Back to Basics: Acute Pericarditis

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June 6, 2017 by jtreb

By: Josh Trebach


What:

-Inflammation of the pericardium, the fibrous sac that contains the heart

 

Why:

-Up to 5% of ED visits for chest pain may be related to pericarditis

-Recognition of the disease is important because it can lead to devastating pathology such as cardiac tamponade or constrictive pericarditis

-May also be a clue to other pathology (malignancy, etc.)

 

How: 

-Idiopathic

-Viruses (Coxsackie virus, HIV)

-Bacteria (Staph, Strep, TB)

-Fungal (Histoplasma)

-Malignancy/Metastatic Disease

-Drugs (Procainamide, Hydralazine)

-Uremia

-Radiation

-Connective Tissue Disease

-Autoimmune

-Post-MI, Aortic Dissection

-Myxedema

 

Clinical Features: 

-Chest pain that radiates to back/neck/left shoulder

-Pain may get worse with movement, inspiration, laying supine

-Classic “tripoding” position to relieve discomfort (sitting up and leaning forward)

-Can be associated with fever and shortness of breath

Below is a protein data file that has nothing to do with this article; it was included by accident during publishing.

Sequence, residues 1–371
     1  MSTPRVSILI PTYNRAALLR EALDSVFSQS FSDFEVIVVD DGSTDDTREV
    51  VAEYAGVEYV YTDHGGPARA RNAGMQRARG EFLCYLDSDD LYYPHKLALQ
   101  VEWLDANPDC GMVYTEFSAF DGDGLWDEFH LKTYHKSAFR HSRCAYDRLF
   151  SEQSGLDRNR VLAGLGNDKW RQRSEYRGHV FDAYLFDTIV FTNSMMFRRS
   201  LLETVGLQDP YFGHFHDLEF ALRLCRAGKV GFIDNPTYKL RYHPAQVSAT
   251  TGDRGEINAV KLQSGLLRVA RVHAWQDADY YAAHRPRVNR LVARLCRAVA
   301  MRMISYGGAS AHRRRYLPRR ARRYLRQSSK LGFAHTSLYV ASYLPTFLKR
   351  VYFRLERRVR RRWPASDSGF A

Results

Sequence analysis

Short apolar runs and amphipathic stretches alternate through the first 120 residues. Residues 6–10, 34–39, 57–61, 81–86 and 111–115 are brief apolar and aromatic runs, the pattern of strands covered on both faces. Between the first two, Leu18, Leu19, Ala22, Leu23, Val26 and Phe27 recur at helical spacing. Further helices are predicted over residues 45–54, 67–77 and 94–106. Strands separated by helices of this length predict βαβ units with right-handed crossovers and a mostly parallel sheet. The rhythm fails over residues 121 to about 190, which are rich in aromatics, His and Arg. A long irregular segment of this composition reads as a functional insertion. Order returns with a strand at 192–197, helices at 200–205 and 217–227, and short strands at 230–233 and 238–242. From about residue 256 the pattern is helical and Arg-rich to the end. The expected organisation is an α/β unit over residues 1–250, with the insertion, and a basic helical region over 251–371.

-Friction rub on auscultation

 

Diagnosis: 

-History and Physical

-Classically “diffuse ST elevations” with PR depression

-Serial EKGs are useful to determine new (pathological) from normal (baseline)

-Chest x-ray may show enlarged cardiac silhouette

-Echocardiogram is particularly useful to determine the presence of pericardial effusion

-CBC/BUN/Cr/Thyroid studies/ESR/CK/Troponin

 

pericarditis

 

Treatment:

-Viral or idiopathic etiologies –> Ibuprofen or Colchicine

-Myocarditis, Uremia, Any Hemodynamics Instability, Enlarged cardiac silhouette of unclear etiology –> Admit is likely warranted

 

 

References:

  1. Tintinalli, J. E., & Stapczynski, J. S. (2010). Tintinalli’s emergency medicine: A comprehensive study guide. New York: McGraw-Hill.
  2. Tingle L, Molina D, & Calvert C. Acute Pericarditis. Am Fam Physician.2007 Nov 15;76(10):1509-1514. http://www.aafp.org/afp/2007/1115/p1509.html
  3. EKG provided from https://lifeinthefastlane.com/ecg-library/basics/pericarditis/

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